Tag Archive | trees

What do tree rings sound like when played like a record?

What do tree rings sound like when played like a record? It’s hauntingly beautiful.

HOW IT WORKS: Instead of a needle, an optical sensor reads the wood’s color and texture. Then, algorithms convert those variations into notes on a scale, which is mapped to a piano synthesizer and played.

The rings of a trunk reveal the age of the tree, and environmental conditions like rainfall levels, disease, and even forest fires. Light colored rings indicate growth spurts, while darker marks show times of a slowdown.

Each slice is unique–a glimpse into the story of a tree’s past.

Bartholomaus Traubeck wondered what story those trees would tell. So he created equipment that could translate those rings into music on a record player. The result is a breathtaking masterpiece.

The above description taken from YouTube, written by Omeleto.

Book Recommendation: The Hidden Life of Trees

The Hidden Life of Trees: What They Feel, How They Communicate — Discoveries From A Secret World, by Peter Wohlleben.

A fascinating book that will open your eyes to the hidden world of trees and how it all happens. After reading this book you will never look at trees in the same way again. The link below will take you to Goodreads with more detailed information and reviews of the book.

https://www.goodreads.com/book/show/28256439-the-hidden-life-of-trees

A quote on trees by Hermann Hesse

The Majestic Oak, Majestic Oaks Housing Development

Image by Kyle Ford at kylefordphotography.com


“For me, trees have always been the most penetrating preachers.  I revere them when they live in tribes and families, in forests and groves.  And even more I revere them when they stand alone.  They are like lonely persons.  Not like hermits who have stolen away out of some weakness, but like great, solitary men, like Beethoven and Nietzsche.  In their highest boughs the world rustles, their roots rest in infinity; but they do not lose themselves there, they struggle with all the force of their lives for one thing only: to fulfill themselves according to their own laws, to build up their own form, to represent themselves.  Nothing is holier, nothing is more exemplary than a beautiful, strong tree.  When a tree is cut down and reveals its naked death-wound to the sun, one can read its whole history in the luminous, inscribed disk of its trunk: in the rings of its years, its scars, all the struggle, all the suffering, all the sickness, all the happiness and prosperity stand truly written, the narrow years and the luxurious years, the attacks withstood, the storms endured.  And every young farmboy knows that the hardest and noblest wood has the narrowest rings, that high on the mountains and in continuing danger the most indestructible, the strongest, the ideal trees grow.

Trees are sanctuaries.  Whoever knows how to speak to them, whoever knows how to listen to them, can learn the truth.  They do not preach learning and precepts, they preach, undeterred by particulars, the ancient law of life.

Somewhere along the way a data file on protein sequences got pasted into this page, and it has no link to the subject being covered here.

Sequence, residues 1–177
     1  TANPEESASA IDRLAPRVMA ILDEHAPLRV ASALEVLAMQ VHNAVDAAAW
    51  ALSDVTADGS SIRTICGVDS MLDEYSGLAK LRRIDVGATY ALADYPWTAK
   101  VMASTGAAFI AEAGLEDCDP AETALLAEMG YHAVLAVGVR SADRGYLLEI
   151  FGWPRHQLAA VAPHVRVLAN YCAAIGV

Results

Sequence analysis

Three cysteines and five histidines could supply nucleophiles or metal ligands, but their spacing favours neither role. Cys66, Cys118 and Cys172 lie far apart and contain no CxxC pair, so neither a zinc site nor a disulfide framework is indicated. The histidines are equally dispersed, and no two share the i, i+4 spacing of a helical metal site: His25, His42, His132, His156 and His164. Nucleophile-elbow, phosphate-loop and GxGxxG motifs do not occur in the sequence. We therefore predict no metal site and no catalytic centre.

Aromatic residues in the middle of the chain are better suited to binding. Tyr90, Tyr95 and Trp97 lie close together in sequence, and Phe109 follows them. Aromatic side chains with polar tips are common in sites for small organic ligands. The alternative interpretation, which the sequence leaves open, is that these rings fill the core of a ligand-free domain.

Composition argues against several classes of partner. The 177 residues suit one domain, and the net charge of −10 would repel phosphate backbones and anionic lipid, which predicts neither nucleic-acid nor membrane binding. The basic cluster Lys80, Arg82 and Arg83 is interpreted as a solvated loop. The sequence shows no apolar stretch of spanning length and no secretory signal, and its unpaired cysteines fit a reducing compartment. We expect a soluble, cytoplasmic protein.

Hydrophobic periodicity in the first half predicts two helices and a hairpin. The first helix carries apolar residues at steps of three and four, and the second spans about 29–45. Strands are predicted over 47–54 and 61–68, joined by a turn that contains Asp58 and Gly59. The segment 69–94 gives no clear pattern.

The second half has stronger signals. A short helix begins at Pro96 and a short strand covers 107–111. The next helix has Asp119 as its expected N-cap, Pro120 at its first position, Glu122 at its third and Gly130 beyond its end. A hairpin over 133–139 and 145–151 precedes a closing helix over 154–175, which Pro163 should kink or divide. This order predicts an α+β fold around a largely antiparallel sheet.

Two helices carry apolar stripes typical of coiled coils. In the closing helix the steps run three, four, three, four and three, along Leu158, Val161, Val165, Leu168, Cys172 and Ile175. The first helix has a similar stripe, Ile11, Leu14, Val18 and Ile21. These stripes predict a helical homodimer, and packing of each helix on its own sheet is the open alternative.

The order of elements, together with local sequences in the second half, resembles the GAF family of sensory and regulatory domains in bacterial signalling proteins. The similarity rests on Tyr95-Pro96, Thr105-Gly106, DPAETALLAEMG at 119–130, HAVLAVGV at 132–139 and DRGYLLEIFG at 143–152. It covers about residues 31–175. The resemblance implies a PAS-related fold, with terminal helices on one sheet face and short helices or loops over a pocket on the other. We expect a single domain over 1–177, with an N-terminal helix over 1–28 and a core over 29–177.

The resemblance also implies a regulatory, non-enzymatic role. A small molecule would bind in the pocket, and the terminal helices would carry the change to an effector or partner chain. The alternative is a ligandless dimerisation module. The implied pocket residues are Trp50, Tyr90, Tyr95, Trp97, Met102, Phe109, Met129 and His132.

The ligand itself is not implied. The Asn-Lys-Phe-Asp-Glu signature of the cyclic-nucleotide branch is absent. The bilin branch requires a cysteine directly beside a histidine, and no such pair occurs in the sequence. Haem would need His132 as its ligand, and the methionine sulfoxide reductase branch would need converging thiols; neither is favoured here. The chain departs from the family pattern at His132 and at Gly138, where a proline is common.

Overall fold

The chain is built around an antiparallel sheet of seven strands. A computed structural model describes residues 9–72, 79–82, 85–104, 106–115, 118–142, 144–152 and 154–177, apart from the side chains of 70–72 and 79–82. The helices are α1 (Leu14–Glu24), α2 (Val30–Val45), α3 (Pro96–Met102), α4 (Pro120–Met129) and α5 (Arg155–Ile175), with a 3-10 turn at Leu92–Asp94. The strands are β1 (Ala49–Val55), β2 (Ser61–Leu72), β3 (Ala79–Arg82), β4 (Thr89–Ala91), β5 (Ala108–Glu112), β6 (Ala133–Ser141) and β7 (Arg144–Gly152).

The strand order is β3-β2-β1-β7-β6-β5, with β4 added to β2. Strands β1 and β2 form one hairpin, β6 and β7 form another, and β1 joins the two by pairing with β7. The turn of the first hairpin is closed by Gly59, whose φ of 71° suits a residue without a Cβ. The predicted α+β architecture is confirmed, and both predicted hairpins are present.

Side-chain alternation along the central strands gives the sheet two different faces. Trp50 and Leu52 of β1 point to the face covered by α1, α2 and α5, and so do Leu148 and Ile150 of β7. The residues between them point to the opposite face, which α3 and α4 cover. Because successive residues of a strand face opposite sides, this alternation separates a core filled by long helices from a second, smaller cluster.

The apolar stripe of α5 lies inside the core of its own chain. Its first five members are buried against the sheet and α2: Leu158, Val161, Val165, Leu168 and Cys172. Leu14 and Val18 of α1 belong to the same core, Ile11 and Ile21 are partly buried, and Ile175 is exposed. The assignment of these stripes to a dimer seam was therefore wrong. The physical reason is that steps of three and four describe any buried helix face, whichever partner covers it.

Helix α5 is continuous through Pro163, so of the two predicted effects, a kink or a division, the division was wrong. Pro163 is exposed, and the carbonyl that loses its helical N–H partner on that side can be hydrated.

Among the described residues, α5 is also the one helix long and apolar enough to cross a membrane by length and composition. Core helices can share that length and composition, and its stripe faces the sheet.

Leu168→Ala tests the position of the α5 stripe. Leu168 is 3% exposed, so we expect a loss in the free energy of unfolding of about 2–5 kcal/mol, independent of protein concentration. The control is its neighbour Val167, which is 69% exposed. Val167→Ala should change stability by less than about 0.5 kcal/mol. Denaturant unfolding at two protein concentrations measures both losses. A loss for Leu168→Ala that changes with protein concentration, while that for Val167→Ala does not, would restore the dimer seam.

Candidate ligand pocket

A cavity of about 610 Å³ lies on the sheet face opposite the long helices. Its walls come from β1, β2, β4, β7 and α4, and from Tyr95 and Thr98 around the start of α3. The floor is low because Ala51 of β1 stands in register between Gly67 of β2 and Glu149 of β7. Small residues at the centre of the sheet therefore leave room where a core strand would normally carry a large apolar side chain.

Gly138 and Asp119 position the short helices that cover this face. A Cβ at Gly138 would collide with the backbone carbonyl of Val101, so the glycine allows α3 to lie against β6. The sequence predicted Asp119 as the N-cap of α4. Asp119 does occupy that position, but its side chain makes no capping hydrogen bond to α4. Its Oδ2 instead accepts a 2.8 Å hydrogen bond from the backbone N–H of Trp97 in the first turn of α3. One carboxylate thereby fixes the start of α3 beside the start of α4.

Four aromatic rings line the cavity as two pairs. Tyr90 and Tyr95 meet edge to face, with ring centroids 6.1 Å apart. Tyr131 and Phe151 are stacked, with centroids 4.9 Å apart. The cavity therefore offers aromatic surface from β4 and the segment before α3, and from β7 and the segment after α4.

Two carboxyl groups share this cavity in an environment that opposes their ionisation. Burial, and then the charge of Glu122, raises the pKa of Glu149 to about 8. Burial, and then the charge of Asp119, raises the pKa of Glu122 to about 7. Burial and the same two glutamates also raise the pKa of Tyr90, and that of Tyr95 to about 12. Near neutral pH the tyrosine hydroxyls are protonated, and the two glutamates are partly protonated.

A tree says:  A kernel is hidden in me, a spark, a thought, I am life from eternal life.  The attempt and the risk that the eternal mother took with me is unique, unique the form and veins of my skin, unique the smallest play of leaves in my branches and the smallest scar on my bark.  I was made to form and reveal the eternal in my smallest special detail.

A tree says:  My strength is trust.  I know nothing about my fathers, I know nothing about the thousand children that every year spring out of me.  I live out the secret of my seed to the very end, and I care for nothing else.  I trust that God is in me.  I trust that my labor is holy.  Out of this trust I live.

When we are stricken and cannot bear our lives any longer, then a tree has something to say to us:  Be still!  Be still!  Look at me!  Life is not easy, life is not difficult.  Those are childish thoughts.  Let God speak within you, and your thoughts will grow silent.  You are anxious because your path leads away from mother and home.  But every step and every day lead you back again to the mother.  Home is neither here nor there.  Home is within you, or home is nowhere at all.

A longing to wander tears my heart when I hear trees rustling in the wind at evening.  If one listens to them silently for a long time, this longing reveals its kernel, its meaning.  It is not so much a matter of escaping from one’s suffering, though it may seem to be so.  It is a longing for home, for a memory of the mother, for new metaphors for life.  It leads home.  Every path leads homeward, every step is birth, every step is death, every grave is mother.

So the tree rustles in the evening, when we stand uneasy before our own childish thoughts:  Trees have long thoughts, long-breathing and restful, just as they have longer lives than ours.  They are wiser than we are, as long as we do not listen to them.  But when we have learned how to listen to trees, then the brevity and the quickness and the childlike hastiness of our thoughts achieve an incomparable joy.  Whoever has learned how to listen to trees no longer wants to be a tree.  He wants to be nothing except what he is.  That is home.  That is happiness.”
― Hermann Hesse, Bäume. Betrachtungen und Gedichte

 

Storm-damaged trees in park turned into works of art

welcome bear

When a storm hit the town of Amboy, Illinois in 1999, many of the trees in the city park were either destroyed or damaged.  But with the help of Marie and Bob Boyer, former residents of Amboy and known for their chainsaw carving, these trees were salvaged and live on now as works of art in the park.  Click on the link below to view a gallery of photos showing the carvings.

http://www.chrisdunmire.com/illinois/amboy/city-park-tree-sculptures.shtml